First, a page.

A most peculiar blending of fantasy with modern-world technology. Magic knives, magic cauldrons, sorceresses all over the place, knights and quests. Luxury cars, motorcycles, cell phones. Very strange. This part pretty much worked for me. It would never have occurred to me to write this kind of setting, but I found the blend oddly appealing.
A dominant male god and a subordinate female god, both associated with rivers. This part really did not work very well for me, I think partly because of the river thing. I could not take Calluna’s subordination seriously. I mean . . . when rivers meet, you can declare that the smaller gets subsumed in the greater, but all the water is equally there. When the rivers reach the sea, all the water together swooshes out into the ocean. I could not quite get worked up about which river flows underground and which aboveground, and the myths about the gods, well, whatever.
A bunch of extremely random events. When I read this book the first time, I could hardly follow it. This was partly because of all the characters. (Who is this again? I kept asking myself.) and partly because nothing seems to hang together.
Well, I went back and re-read Bell and then re-read Kingfisher, and that helped a lot. The second time through I had a much easier time sorting out the characters, plus I happened to notice a short passage that I think constitutes the heart of the whole story. This is on p. 182 if you have a paper copy. Here is the passage:
“Don’t make promises you can’t keep,” Lord Skelton warned. “Wandering around in the realm in search of its oldest power is liable to cause all kinds of disturbances and consequences. There were always unexpected dangers on those early quests.” He sipped wine and added more cheerfully, “Very colorful, sometimes deadly, often mysterious, random, occasionally verging on the ridiculous. No quest was ever safe. They exist to reveal.”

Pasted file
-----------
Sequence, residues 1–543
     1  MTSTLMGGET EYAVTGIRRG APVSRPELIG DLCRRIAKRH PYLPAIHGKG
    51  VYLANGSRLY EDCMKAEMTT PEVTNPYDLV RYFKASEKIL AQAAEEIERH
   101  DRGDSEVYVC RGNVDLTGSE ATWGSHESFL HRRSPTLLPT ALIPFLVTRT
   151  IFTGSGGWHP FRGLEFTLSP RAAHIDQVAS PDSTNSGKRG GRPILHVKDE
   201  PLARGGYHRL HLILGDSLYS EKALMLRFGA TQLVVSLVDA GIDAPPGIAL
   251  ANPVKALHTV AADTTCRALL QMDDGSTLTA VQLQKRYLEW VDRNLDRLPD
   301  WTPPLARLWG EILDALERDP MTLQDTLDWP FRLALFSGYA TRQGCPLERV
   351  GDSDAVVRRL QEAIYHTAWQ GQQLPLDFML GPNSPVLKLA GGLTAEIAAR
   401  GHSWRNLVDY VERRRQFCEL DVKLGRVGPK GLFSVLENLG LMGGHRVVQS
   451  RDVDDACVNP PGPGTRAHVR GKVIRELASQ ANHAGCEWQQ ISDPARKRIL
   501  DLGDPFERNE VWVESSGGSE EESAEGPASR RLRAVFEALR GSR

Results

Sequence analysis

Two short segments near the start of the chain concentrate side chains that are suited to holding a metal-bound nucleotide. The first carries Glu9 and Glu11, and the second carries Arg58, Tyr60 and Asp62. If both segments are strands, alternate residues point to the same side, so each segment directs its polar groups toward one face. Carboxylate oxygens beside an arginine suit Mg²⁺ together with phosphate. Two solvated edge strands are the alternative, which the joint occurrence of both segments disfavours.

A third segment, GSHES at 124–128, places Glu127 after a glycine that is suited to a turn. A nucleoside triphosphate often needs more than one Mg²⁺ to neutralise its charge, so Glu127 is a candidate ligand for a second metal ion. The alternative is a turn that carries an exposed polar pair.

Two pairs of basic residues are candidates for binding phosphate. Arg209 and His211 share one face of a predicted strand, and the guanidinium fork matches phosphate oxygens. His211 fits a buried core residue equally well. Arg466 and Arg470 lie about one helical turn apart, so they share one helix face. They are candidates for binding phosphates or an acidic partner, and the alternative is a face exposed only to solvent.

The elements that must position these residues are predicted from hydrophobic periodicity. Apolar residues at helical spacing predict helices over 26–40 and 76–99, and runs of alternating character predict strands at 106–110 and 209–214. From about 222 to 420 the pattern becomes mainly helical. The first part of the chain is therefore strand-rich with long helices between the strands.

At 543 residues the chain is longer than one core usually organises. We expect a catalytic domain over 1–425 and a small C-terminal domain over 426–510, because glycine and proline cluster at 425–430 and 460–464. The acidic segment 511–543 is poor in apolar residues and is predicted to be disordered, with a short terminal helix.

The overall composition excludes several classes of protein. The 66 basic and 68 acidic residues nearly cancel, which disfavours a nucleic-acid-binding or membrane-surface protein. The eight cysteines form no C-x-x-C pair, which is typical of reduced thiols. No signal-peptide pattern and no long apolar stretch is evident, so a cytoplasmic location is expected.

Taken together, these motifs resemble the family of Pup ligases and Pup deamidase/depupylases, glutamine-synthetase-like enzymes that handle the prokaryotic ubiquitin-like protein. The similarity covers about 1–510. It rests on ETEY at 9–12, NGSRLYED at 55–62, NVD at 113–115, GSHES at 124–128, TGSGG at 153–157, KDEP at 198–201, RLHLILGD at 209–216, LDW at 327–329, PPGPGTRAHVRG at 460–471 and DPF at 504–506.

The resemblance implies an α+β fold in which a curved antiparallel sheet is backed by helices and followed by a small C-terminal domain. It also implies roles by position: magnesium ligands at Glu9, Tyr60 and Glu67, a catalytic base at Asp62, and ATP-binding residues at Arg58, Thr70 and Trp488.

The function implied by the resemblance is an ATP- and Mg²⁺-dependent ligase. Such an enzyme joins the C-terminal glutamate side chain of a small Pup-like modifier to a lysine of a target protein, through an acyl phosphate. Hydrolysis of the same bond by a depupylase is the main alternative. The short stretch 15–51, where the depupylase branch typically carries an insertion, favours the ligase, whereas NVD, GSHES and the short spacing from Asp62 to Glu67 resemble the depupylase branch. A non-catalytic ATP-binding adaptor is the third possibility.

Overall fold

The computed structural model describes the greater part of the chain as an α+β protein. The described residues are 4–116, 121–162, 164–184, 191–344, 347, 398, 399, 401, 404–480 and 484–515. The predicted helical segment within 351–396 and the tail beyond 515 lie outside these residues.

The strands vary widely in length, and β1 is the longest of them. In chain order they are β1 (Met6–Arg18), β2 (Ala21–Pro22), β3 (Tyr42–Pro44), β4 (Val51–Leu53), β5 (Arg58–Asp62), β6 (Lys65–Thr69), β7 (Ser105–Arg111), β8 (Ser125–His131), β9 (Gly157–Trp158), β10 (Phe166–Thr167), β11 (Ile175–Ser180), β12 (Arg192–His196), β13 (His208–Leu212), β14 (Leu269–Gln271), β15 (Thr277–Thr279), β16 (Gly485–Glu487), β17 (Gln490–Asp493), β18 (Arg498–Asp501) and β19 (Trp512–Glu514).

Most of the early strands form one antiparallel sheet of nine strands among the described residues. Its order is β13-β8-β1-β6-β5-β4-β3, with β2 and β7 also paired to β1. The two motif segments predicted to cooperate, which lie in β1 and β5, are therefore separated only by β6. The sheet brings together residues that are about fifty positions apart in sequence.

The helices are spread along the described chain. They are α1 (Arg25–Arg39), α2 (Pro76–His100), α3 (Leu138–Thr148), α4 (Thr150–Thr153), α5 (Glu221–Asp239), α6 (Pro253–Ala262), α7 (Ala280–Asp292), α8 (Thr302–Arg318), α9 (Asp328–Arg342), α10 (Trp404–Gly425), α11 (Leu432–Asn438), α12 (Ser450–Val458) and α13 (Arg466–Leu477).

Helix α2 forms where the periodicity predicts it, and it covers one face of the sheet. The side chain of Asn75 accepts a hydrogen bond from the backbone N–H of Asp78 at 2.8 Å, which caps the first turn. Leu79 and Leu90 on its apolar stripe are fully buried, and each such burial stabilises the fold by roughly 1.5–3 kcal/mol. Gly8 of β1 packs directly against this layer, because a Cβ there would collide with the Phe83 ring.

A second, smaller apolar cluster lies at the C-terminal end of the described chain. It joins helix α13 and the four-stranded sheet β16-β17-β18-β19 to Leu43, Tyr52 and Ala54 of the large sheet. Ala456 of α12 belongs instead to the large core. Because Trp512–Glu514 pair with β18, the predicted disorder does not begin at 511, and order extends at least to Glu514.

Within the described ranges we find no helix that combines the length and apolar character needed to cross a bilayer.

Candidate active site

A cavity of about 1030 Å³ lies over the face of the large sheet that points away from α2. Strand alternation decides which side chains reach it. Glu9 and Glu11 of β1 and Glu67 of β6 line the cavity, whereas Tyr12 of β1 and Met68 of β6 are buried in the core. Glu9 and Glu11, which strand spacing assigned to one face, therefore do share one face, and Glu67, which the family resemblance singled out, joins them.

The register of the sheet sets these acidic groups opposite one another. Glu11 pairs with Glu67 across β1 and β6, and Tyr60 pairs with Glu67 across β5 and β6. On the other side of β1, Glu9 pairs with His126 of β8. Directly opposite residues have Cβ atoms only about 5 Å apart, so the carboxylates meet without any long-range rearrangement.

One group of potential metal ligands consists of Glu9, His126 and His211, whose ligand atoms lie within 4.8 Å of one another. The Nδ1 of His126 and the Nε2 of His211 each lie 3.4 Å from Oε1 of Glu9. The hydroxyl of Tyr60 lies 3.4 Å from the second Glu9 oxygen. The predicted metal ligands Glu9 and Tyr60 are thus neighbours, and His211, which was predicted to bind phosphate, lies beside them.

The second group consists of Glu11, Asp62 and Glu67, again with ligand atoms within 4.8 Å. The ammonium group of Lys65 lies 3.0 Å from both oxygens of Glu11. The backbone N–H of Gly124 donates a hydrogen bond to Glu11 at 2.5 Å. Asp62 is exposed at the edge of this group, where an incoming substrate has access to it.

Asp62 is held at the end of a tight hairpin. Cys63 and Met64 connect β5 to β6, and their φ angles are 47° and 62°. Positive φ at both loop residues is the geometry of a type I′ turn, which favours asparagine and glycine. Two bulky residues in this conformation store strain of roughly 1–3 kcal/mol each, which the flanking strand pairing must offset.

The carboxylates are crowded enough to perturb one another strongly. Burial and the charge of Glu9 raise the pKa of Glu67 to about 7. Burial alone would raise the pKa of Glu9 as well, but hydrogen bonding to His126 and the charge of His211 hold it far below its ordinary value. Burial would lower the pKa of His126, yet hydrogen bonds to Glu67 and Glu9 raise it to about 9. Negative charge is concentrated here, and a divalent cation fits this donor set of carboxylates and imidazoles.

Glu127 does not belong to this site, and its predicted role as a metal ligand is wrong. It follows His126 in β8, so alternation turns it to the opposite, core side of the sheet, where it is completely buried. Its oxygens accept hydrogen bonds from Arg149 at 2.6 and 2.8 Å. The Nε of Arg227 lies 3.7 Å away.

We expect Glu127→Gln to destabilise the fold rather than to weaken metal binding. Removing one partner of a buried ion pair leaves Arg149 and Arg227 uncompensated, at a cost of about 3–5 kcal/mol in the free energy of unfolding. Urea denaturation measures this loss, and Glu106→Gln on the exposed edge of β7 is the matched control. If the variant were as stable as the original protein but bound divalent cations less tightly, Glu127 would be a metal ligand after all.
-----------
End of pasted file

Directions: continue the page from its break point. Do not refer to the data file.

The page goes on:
“Reveal what, exactly?” Leith asked in his deep, sinewy voice that Pierce was coming to love. “Lord Skelton?”
“The landscape of the heart.”
… and there you go. That so explains the random, occasionally verging on the ridiculous events that clutter up the story, particularly after the quest is more broadly underway. I was much happier with the book after realizing that. And that landscape of the heart thing . . . maybe, maybe. It’d be interesting to write an essay on Kingfisher and the function of the quest in revealing the landscape of the heart. Also, the disturbances and consequences arising from the quest — that idea is, as far as I can tell, the only thing that ties the main story to the Fisher King story.
Final take on the book: I liked it, I like it significantly better on a re-read, and maybe in a year or so I will re-read it and form a better idea of where to place it among the rest of McKillip’s books.
I’ve probably done this before, but just btw, here are my actual choices for Patricia McKillip’s Top Ten, counting down toward the very very best. See how it compares to yours – I mean, I’m sure we’ve all read everything by McKillip, right? So:
10. Fool’s Run – so peculiar how the whole story is shaped by an event none of the characters can influence in any way.
9. The Riddlemaster trilogy – I’ve read this so many times. It was one of those seminal works for me; I read it in high school and I’m sure it framed my whole conception of fantasy.
8. The Forgotten Beasts of Eld – another foundational work for me.
7. Song for the Basilisk – here’s one where I totally loved the ending.
6. The Sorceress and the Cygnet / The Cygnet and the Firebird – I really would have liked a third book that offered more of a resolution for Nyx.
5. Alphabet of Thorn – I admire it tremendously and I’d put it higher except I think the ending felt a bit truncated.
4. Ombria in Shadow – a beautiful, complicated story that left me puzzled at the ending.
3. Winter Rose – this one is sort of doing the same kind of thing as Alphabet of Thorn. I just love the different interwoven interpretations of events here.
2. The Changeling Sea – a perfect story.
1. The Book of Atrix Wolfe – another perfect story.